US$21.9M, or $.40 per share for 1996.
- Yellow Corporation (Yellow Freight). UP as earnings in the 3rd
quarter more than doubled over the 1996 third quarter results with net
income of US$20.1M, or US$.71 per share, versus 1996 net income of US$8.9M,
or US$.32 per share. Financial analyst's consensus estimates for the 3rd
quarter were US$.66 per share. Operating revenue for the quarter was
US$882.2M, an 11.6% improvement over 1996 revenue of US$790.4M.
OUR "B" Section: FF World Air News
- FedEx Wants A Super Jumbo ............ and has requested Airbus to
develop freight variants of its proposed A-3XX super jumbo jet. Airbus
Industrie will make a decision by the end of next year on whether to launch
the plane, which would cost at least US$8B to develop.
- China Says: Show Me The Money ! .......... as China's only flagship
carrier, Air China, is restructuring into a joint stock company and
preparing to go public. The efforts are supported by the Civil Aviation
Administration of China (CAAC) which has long advocated a restructuring of
the entire Chinese air industry to keep the mainly small regional carriers
operating in China today from collapsing due to lack of adequate funding.
China's two other major carriers, China Eastern Airlines & China
Southern Airlines, are already listed in the HKG & New York stock
- Cathay Pacific Warns Of Tough Times .......... as it issued an open
letter to employees in early Oct. warning them of difficult times at the
airline because of sharp declines in passenger loads. The biggest problem
being a dramatic 67% fall in Japanese business in July.
- U.S. - Japan Open Skies Progress? .............. as the two are
celebrating apparent success after recent negotiations, although they failed
to reach a firm settlement by the initial deadline of September 30. Japan's
request for All Nippon Airways to be added to the 4 incumbent carriers
possessing beyond and other flight rights has now been agreed by the US.
Similarly U.S. carrier Trans World Airlines will be permitted to fly to
Japan while 3 non-incumbent U.S. airlines will be able to increase passenger
flights. A four-year transitional arrangement is expected to stipulate
resumption of talks. As current talks continue, U.S. plans for allowing code
sharing participants from third countries have been postponed. Restricted
alliances between Japan & the U.S. will be allowed in the interim.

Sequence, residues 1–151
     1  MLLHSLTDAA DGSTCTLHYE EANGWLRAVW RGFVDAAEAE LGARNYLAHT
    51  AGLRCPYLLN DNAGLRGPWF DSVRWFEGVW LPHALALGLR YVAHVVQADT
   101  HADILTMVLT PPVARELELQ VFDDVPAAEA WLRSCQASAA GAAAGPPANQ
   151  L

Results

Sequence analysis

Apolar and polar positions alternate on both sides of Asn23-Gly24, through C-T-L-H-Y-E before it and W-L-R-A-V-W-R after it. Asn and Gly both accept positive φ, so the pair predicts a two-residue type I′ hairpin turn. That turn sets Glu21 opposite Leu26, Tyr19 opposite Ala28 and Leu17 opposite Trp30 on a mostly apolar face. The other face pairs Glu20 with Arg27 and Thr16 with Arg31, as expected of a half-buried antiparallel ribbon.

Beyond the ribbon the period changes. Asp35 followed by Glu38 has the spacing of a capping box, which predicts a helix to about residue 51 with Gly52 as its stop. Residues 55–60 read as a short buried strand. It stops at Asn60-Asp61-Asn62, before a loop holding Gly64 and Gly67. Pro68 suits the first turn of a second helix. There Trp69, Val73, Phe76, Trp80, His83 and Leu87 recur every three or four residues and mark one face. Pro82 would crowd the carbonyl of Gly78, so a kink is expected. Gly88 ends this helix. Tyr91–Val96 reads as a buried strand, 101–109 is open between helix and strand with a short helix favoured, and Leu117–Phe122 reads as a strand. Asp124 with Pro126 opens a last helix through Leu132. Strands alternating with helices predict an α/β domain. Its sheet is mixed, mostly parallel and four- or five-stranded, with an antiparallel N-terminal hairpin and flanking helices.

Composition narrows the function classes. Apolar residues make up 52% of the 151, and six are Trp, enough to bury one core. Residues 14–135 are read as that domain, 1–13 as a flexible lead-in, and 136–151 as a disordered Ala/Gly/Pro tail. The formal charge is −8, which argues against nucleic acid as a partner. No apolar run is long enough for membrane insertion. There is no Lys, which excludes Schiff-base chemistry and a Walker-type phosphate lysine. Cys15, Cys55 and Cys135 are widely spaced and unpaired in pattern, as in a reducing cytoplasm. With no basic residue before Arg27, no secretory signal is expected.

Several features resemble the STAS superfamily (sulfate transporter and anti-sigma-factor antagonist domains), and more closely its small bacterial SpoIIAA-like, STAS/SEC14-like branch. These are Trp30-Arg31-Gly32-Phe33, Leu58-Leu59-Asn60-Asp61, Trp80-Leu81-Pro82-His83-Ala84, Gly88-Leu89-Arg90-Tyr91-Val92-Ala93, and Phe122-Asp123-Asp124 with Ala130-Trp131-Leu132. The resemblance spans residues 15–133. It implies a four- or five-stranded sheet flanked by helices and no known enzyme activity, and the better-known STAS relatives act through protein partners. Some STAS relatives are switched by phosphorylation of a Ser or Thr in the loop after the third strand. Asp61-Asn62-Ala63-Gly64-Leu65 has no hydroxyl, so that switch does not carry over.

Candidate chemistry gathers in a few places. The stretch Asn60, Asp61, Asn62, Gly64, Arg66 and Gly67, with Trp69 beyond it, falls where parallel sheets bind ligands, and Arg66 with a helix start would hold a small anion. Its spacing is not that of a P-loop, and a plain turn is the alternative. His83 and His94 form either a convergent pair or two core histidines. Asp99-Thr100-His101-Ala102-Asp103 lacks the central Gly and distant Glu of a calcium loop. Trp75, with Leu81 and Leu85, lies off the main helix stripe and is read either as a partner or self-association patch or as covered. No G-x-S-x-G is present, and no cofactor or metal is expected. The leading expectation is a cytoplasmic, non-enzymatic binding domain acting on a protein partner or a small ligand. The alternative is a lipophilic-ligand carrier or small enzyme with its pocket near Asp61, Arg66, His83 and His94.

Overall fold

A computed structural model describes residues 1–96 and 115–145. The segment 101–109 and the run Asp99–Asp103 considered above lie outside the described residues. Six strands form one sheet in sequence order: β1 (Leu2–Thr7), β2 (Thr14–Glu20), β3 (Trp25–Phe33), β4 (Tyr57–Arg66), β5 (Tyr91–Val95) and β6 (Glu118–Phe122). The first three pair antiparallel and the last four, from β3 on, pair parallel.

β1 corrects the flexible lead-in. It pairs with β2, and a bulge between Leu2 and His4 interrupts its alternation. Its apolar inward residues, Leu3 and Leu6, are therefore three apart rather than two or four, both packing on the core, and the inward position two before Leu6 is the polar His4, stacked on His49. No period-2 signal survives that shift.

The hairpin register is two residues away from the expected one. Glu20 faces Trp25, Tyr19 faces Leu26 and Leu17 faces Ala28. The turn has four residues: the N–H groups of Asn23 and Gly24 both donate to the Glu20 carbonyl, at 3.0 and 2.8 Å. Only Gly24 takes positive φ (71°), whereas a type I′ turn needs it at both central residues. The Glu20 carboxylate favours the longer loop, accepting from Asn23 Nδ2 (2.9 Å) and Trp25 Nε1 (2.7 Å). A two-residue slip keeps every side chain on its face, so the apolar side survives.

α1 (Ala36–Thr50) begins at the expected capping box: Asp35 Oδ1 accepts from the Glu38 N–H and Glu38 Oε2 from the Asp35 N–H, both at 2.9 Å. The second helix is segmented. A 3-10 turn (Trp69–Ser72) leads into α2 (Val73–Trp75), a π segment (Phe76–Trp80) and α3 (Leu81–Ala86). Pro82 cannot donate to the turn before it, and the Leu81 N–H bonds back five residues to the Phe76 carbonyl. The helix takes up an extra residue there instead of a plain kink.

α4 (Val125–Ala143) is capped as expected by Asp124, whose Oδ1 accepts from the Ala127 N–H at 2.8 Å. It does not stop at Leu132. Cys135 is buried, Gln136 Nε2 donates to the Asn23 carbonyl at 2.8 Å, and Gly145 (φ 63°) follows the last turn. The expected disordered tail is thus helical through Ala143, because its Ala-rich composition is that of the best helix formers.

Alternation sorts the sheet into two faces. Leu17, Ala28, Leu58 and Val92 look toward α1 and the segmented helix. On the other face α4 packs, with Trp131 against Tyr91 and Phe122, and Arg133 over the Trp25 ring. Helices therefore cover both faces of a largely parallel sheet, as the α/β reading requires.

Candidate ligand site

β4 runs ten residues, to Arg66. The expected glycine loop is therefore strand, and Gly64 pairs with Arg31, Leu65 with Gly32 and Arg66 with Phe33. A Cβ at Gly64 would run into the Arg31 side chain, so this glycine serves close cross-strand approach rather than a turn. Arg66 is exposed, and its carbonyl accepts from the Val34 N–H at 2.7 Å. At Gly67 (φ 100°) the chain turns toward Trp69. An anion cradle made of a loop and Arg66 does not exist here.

Japanese airports including Osaka, Sapporo & Hiroshima will increase
U.S. slots although the possibility of more slots at Narita has not been
settled. Meanwhile, France & the U.S. are seen coming closer to agreeing
on a new bilateral air treaty that would start the phase in of an Open Skies
pact in 1998
- Open Skies Seen To Clip Japanese Wings ......... as the Wall Street
Journal predicts that any between the U.S. and Japan that would more fully
open each country's skies to the other's airlines, no matter how the final
agreement is worked out, will have a negative impact upon Japan Airlines
& All Nippon Airways. They are seen likely to have a tough time
competing with their American rivals because both carriers suffer from
inefficient practices and high costs.
- A Fine Time To Fly ........... as the Federal Aviation Admin. (FAA)
authorized Fine Air Services, Inc., to resume flight operations as of 28
Oct. Fine Air expects to be operating into all of its destinations
throughout Latin America & the Caribbean within the next several weeks.
- Lufthansa Cargo Seeks Freight Partners ........... and is currently
engaged in talks with 15 top multinational freight forwarders as part of
part of a cooperation plan that will take five years to implement. Details
of the discussions are pending. In 1995, its first full year as an
independent company, Lufthansa Cargo made a profit of US$14M, but posted a
loss of $41.2M in 1996. Lufthansa Cargo is aiming to compete with the big
carriers FedEx & U PS, but acknowledges it will have to form many
partnerships around the world with airlines & forwarders.
- Emery Worldwide Goes Latin ......... with last month's opening of
its new Miami "super center. The 120,000-square-foot Latin America
Logistics Center houses Emery's Latin America Area headquarters. Emery has
also opened a wholly owned company in Brazil, Emery Worldwide do Brasil
- BA & AA Continue The March ........... as American Air &
British Air have entered into a crucial phase in their alliance talks with
the European Union regarding conditions required to clear the proposed deal
between the two giants. Addressing the European Parliament, European
Competition Commissioner Karel Van Miert said he hoped for "serious
discussions" to take place in the next few weeks, with a successful
conclusion leading to the European Union agreeing to the alliance between